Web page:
KANDINSKY, THE ENIGMA OF THE FIRST ABSTRACT PAINTING
Andréi Nakov

Cracow 2015

200 × 257mm, 232 pages

86 colour and b&w illustrations

laminated hardback

ISBN 978-83-89831-25-5

 

Painted in Munich in 1911, Painting with a Circle is Kandinsky’s first abstract composition – and the first abstract painting in the history of modern art. Yet for long decades it was an enigma for art historians and even for the artist himself, for whom its creation raised complex issues. After Kandinsky fled Russia in December 1921, leaving Painting with a Circle “on deposit” in Moscow, it vanished from the surface of history. The artist was not even able to obtain a photograph of it from the Soviet authorities. In effect, the painting was reduced to silence. So total was the cultural censorship to which it was subjected that it was thought to have been lost. Then, in the late 1970s, long after the artist’s death, it was rediscovered in the USSR, although it was not publicly displayed for the first time before 1989. Yet until today this capital work in modern art history has received scant recognition from scholars and has thus not been given the place it deserves in our cultural Pantheon.

More than an innovative interpretation of Painting with a Circle, this book reveals the multiple levels of censorship that beset the creation of the first purely abstract composition and in many ways beset it still. Casting an entirely new look on it in the light of hitherto unpublished documents relating to the circumstances of its creation and its cultural sources, Andréi Nakov finally does justice to its historical and artistic importance. The outcome of an exhaustive and exemplary research, his book enables us to grasp the cultural context of the period in which it was painted and to understand the essence of Kandinsky’s aesthetic.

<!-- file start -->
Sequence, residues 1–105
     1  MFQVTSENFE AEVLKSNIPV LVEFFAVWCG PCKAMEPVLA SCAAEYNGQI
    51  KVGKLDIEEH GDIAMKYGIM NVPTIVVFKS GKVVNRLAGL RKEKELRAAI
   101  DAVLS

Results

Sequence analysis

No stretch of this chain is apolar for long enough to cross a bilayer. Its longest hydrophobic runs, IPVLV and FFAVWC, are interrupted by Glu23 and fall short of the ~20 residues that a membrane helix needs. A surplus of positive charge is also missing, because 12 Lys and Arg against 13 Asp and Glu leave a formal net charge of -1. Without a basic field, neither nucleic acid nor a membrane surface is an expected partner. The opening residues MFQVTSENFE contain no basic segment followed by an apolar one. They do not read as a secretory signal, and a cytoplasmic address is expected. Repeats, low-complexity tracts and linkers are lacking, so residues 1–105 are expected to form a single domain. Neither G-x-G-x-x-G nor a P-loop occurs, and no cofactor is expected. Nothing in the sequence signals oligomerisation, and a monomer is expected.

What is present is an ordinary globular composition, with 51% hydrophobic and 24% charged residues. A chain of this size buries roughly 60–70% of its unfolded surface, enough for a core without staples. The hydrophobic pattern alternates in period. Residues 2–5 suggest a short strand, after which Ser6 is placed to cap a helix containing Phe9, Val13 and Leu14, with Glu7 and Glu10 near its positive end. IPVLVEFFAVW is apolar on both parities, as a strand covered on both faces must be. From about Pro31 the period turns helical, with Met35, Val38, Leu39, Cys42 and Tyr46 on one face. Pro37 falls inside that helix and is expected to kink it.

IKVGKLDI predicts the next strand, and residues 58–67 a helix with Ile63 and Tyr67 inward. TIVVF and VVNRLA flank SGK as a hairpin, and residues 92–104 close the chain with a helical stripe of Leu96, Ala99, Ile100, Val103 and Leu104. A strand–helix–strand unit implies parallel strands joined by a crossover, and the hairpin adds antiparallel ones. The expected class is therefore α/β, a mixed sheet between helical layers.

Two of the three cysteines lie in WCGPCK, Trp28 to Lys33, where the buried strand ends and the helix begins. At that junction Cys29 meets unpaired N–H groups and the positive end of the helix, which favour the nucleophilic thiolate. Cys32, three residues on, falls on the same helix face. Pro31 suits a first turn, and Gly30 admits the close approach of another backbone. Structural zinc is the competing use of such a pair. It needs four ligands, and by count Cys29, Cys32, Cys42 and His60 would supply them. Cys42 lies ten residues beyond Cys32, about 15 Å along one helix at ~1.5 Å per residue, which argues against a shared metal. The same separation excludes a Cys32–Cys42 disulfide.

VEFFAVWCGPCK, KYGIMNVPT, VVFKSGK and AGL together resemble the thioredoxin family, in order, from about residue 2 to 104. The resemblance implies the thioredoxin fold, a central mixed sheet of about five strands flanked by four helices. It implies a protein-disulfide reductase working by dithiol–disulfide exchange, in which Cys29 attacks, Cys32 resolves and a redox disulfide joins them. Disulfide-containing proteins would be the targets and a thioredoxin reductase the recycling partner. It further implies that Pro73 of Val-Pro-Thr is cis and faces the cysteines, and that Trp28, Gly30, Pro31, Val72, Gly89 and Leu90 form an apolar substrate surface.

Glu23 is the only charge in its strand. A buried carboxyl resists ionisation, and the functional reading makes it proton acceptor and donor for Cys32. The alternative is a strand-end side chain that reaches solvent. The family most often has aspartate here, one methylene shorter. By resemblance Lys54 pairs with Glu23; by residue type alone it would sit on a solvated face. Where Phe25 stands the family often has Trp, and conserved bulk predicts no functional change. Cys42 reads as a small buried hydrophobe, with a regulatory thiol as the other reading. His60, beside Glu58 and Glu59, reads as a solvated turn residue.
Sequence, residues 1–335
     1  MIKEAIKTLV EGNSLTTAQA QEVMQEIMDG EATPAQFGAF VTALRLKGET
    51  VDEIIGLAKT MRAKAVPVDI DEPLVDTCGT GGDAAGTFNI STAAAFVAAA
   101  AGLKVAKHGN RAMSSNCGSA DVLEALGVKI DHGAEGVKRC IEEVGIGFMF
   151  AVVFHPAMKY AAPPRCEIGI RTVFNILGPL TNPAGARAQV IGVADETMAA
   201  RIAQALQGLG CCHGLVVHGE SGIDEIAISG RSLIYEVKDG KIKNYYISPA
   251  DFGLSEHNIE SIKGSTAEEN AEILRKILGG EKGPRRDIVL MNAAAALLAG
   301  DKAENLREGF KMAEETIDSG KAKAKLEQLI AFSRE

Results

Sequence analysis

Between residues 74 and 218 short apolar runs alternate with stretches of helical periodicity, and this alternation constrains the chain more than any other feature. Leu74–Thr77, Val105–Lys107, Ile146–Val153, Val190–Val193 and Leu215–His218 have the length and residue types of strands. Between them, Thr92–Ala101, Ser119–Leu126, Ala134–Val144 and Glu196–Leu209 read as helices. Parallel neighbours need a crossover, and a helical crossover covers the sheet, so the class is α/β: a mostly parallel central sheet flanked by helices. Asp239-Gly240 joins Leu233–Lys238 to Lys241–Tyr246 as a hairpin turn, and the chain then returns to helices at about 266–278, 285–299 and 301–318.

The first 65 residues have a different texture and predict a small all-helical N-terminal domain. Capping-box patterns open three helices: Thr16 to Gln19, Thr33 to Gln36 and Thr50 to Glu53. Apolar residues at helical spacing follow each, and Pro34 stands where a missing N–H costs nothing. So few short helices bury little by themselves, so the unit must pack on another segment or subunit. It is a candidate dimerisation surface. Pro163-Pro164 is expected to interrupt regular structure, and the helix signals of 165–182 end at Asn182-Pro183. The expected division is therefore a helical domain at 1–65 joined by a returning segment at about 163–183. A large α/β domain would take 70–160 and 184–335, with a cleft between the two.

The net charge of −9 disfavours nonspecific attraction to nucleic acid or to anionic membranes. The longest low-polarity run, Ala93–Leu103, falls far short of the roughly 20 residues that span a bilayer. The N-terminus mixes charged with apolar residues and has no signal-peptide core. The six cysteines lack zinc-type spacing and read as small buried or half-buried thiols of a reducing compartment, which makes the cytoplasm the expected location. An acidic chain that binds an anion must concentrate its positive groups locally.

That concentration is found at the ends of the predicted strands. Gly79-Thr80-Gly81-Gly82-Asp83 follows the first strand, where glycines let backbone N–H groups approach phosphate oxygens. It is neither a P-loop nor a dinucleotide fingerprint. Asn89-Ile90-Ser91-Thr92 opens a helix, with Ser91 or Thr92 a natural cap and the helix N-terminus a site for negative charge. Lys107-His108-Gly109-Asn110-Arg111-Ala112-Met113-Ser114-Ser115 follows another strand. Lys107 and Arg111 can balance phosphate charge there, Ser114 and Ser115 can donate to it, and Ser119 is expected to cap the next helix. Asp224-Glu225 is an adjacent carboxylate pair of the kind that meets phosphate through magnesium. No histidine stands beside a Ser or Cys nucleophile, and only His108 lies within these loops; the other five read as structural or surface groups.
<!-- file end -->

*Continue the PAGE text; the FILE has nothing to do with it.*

ABOUT THE AUTHOR

The Slavic-born, French-educated art historian Andréi Nakov has organized a number of major museum exhibitions over the last four decades: Berlin in 1977, London in 1984, Tokyo in 1989, Madrid in 1990 and others. Since the early 1970s his studies on art theory and essays on Dada, Constructivism, Suprematism and Abstract Art in general have been published in French, German, English and in many other languages. His books on Kazimir Malevich: Kazimir Malewicz. Catalogue raisonné, Paris, Editions Adam Biro 2002 and his extensive four-volume study Malevich, Painting the Absolute, Lund Humphries, London 2010 are regarded as authoritative works on this artist.

 

http://www.andrei-nakov.org/en/index.html

 

CONTENTS

F O R E W O R D


REASONS FOR STUDYING A CENSORED PAINTING
Note Concerning the Translation


C H A P T E R 1
KANDINSKY’S FIRST ABSTRACT PAINTING: LOOKING BEYOND THE LEGENDS
A Difficult Paternity
A Succesful Adoption
Nina Kandinsky’s Devotion
Creation is an Explosion
The “First Abstract Painting” is Displayed for the First Time in Public


C H A P T E R 2
DIONYSUS VERSUS APOLLO
Kandinsky’s Relationship with the St. Petersburg Union of Youth
“At the Time Everyone Was Reading Blavatsky”
Toward a New Laocoon?
“The Religion of Music”
The Subconscious: the Mainspring of a Difficult Creation


C H A P T E R 3
THE GESTATION OF THE FIRST ABSTRACT PAINTING
“Invisible in their Limpid Lives, the Solitary Ones...”
“Refraining from the Forms of Conventional Beauty”
“A Beam of Light Shining into the Future”
“The Inrush of Forms”
“In Art that Which is Veiled is far More Powerful”
“A Snake not Quite Able to Slough off its Skin”


C H A P T E R 4
“WONDERFUL IS THE CIRCLE”
“The Circle is the Synthesis of the Greatest Oppositions”
Postscript: In the Labyrinth of Symbols


A P P E N D I X
“The Square! The ‘Square’ of Malevich...”:
Kandinsky's Letters to Alfred Barr
Bibliography
List of illustrations
Index